Saving the Marshall Strawberry


Early this year, I purchased a dozen Marshall strawberry plants. I paid $6.50 for each four-inch pot! These were transplanted into much larger pots with blood meal and bone meal added to foster root growth. Periodically they were given a dose of Alaska Fish Fertilizer. Wow, did they grow – sending out a profusion of runners! I filled four-inch pots with enriched potting soil and affixed each of the babies to the surface with a single hairpin.  I now have hundreds of Marshall Strawberry plants! They’ll go into their permanent garden bed this Fall. 

The Marshall came very near to extinction. Strawberry Leaf Blight and the fact that these berries do not travel well to distant markets may have been what finally did in these gorgeous berries back in the 1960’s. I did see some blight on a few of my plants. It appeared as a browning at the edge of the leaf. I immediately removed the infected leaves and treated the tops and bottoms of the remaining leaves with copper. So far, so good.  With luck, this next Spring I’ll again be tasting those sweet, luscious, juicy, ruby red berries of my childhood – yum!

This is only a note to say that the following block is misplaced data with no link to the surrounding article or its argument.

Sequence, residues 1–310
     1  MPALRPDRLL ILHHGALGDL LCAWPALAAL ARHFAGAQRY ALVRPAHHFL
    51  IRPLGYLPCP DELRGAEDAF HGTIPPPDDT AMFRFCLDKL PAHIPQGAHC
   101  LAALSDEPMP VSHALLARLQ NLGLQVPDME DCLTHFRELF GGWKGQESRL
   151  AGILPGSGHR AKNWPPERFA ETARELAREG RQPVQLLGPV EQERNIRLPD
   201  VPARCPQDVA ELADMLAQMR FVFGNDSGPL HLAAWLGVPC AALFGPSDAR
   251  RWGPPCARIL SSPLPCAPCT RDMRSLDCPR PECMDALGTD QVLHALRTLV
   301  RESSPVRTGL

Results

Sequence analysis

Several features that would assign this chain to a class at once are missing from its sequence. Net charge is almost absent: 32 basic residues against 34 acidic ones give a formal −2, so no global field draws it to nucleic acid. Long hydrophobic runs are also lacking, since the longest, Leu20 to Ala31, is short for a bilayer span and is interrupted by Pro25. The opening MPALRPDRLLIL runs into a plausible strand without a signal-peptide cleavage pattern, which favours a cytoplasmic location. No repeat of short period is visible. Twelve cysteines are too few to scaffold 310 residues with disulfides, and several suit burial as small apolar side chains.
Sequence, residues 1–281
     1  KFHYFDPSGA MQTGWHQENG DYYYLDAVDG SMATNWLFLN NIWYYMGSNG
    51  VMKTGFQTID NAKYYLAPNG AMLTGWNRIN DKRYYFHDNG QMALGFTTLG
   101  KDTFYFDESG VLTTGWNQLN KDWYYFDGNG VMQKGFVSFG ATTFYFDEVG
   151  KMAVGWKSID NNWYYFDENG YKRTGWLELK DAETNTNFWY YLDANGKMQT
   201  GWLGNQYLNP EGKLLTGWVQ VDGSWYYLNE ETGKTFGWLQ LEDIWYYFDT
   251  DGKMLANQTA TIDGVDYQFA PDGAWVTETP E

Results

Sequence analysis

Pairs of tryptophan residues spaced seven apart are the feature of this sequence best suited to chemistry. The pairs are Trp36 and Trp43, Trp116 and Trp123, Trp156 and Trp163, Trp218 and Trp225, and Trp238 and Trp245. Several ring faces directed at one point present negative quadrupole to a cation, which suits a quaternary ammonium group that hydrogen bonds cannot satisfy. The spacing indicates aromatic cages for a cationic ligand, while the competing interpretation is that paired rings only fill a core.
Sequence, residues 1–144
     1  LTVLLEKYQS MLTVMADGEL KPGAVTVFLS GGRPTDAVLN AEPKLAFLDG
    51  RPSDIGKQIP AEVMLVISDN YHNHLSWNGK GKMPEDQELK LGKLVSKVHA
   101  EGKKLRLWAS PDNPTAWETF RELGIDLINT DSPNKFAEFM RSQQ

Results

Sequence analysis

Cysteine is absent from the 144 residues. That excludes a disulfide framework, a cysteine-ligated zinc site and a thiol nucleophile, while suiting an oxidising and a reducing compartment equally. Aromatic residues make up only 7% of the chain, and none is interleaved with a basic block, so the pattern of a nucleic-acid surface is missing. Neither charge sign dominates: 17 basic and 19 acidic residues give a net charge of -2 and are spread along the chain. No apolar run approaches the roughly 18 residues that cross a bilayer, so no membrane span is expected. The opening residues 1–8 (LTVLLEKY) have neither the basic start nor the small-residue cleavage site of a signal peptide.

Read more here about Marshall Strawberries and the Olga Strawberry Barreling Plant on Orcas Island, one of Washington's San Juan Islands just a bit farther north of Whidbey Island. It’s a fascinating story.
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